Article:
10. vwvectors

    vwvectors

    93
    Feb 25, 2014
    I concur wonderful write up along with fantastic pics
     
  11. Melvin-Purvis

    Melvin-Purvis Not a Registered User Staff Member Super Mod

    Jan 14, 2001
    Great thread, thanks for sharing!
     
  12. Edm1

    Edm1 Gold Member Gold Member

    321
    Jul 27, 2013
    Awesome! I'm currently training scouts for another Philmont trip next summer. I love backpacking and I love your pictures.
     
  13. Mikel_24

    Mikel_24

    Sep 19, 2007
    Great read! I enjoyed each and every line. The scennery is awesome. I am more of a winter guy than in-between seasons guy... don't like the rain and bugs too much if I can help it.

    How did you guys managed the stream crossings? Barefoot? Sandals with primary footwear strapped to the pack? Getting the footwear wet is one of my main worries when wandering arround the water. Gore Tex does not help if you are getting water inside the boot from the top!

    You didn't mention cooking or fires, did you rely on isobutane or liquid fuel stoves? How did you organize the groups to carry the gear? I understand you had groups of 3-4 scouts each carrying a fully independent set of camping gear (tent and cooking implements).

    We want to know mooooooooooooore!!!! :D:D:D:D:D:D
     
  14. lambertiana

    lambertiana Gold Member Gold Member

    Jul 7, 2000
    I always bring a pair of Merrell Trail Glove shoes for water crossings and to wear in camp when I want to take my boots off. They are quite comfortable and very light and have very good grip. The other adult on the trip wore sandals for the stream crossings. The two scouts went barefoot, which is not very comfortable on rocks in water that cold.

    We had two stoves - one for me and the other adult, one for the two scouts. One person carried the stove and the other carried the isobutane fuel. I used my MSR Windburner, it is an exceptionally efficient stove (a few years ago I took it on a nine day backpacking trip and only used it to heat water for dinner, and I didn't even finish one 4oz/110g canister). I had my own solo tent (Marmot EOS) and the other adult had his one man tent. The two scouts shared a tent, with one carrying the body and ground cloth while the other carried the fly and poles.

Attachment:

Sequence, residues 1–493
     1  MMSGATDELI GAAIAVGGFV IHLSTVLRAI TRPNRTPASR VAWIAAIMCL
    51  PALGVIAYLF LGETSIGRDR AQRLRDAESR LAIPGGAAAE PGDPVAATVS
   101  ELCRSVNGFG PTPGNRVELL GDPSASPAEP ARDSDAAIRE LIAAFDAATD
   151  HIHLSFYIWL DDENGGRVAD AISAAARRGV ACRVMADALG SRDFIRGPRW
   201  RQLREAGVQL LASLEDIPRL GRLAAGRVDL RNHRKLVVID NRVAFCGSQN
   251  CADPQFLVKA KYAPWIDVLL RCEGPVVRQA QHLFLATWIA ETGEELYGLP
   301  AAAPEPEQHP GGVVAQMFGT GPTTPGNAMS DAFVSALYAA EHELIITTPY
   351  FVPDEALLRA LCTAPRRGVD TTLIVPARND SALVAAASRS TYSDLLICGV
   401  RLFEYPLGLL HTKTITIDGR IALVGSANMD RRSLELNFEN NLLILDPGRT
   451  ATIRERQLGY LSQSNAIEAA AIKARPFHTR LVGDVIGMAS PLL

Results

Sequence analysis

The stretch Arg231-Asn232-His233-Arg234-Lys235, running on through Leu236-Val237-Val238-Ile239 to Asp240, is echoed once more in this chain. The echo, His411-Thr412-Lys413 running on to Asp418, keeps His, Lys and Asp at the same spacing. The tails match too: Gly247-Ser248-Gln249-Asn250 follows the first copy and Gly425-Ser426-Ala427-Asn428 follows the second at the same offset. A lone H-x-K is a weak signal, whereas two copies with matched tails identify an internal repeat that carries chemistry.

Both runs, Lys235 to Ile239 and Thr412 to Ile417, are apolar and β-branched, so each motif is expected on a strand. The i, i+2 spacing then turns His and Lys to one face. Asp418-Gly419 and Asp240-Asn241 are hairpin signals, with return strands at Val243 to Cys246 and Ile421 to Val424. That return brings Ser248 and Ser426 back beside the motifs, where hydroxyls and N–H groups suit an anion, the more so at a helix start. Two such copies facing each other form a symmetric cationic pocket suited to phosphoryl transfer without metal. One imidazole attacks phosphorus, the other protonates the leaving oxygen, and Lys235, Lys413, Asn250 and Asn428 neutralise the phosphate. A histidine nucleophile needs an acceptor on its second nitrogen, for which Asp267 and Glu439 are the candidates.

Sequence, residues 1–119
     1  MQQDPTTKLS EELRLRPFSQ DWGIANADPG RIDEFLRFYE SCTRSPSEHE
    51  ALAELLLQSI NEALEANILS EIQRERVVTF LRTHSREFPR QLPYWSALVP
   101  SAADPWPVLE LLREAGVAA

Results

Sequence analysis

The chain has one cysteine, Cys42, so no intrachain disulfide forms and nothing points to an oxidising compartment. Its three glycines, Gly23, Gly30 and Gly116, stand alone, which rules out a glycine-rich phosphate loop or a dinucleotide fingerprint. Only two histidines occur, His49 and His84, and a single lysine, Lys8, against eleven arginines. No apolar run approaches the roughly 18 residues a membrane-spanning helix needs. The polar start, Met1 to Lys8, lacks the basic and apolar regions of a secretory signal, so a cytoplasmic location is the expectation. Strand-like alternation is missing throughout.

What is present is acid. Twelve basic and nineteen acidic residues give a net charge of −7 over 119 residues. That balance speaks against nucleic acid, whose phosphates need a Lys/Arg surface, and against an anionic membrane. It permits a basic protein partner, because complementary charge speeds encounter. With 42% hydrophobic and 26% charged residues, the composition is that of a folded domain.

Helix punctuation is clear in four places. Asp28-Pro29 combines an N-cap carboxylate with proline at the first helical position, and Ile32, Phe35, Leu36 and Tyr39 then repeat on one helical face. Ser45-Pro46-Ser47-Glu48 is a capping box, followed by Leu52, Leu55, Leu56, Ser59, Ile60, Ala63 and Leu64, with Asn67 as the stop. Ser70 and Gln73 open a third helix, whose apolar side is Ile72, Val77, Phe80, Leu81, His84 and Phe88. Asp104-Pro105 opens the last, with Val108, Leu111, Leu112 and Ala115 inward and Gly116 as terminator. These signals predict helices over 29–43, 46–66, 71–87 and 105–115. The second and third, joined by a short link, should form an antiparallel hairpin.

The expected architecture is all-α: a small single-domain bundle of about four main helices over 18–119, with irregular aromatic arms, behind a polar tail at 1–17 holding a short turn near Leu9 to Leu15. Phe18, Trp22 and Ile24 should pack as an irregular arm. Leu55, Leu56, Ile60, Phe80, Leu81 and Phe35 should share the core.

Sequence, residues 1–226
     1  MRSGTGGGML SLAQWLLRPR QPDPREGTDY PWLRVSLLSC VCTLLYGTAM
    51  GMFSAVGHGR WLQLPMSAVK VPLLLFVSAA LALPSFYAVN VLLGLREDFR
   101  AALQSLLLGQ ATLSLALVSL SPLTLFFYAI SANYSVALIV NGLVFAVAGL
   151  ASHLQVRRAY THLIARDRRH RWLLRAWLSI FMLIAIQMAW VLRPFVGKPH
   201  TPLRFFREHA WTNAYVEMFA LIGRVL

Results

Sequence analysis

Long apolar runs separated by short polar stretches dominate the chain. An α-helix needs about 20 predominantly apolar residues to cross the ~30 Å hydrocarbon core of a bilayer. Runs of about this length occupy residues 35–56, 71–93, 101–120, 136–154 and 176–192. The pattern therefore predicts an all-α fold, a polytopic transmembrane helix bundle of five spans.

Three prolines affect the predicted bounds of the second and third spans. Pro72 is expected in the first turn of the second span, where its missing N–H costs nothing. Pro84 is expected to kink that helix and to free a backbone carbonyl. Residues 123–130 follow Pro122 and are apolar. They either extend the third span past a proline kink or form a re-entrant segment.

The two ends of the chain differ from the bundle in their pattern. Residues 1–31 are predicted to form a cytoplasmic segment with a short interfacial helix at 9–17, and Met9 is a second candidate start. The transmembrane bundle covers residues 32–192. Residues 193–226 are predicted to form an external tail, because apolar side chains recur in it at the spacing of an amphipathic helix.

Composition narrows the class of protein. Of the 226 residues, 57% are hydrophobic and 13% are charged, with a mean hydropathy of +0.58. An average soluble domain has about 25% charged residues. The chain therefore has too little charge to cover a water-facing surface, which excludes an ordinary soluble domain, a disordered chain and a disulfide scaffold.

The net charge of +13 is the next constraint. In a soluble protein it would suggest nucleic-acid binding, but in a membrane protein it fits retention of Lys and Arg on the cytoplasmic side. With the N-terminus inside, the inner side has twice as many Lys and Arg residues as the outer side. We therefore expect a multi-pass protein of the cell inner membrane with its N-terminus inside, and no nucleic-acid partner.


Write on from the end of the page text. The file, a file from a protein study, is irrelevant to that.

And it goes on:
We only had one fire, on the third night. There are campfire restrictions in Sequoia/Kings Canyon. The first night we camped in a place where fires are not allowed. The second and fourth night we were above 10,000' elevation, and campfires are not allowed above 10,000' because they want to protect the thinner forest growth at higher elevation.
     
  15. Mikel_24

    Mikel_24

    Sep 19, 2007
    Great explanation Lambertiana. Somehow I thought you were leading a bigger troup (even though I didn't see many people in the pictures, I thought it was just a matter of privacy). Being only 4 people this was more a family outing than a scout troop event!

    I am glad you can (an the parents allow!) to take scouts to these areas. I did my share of pseudo.scout outings when I was a kid at school (we were not Scouts per se, but did pretty much the same things) and the handicap was always that being such a big heterogeneous group, the leaders didn't feel comfortable taking us to places they couldn't insure the safety of all of us. And there were some kids among us which were totally unreliable (talking about outdoor stuff).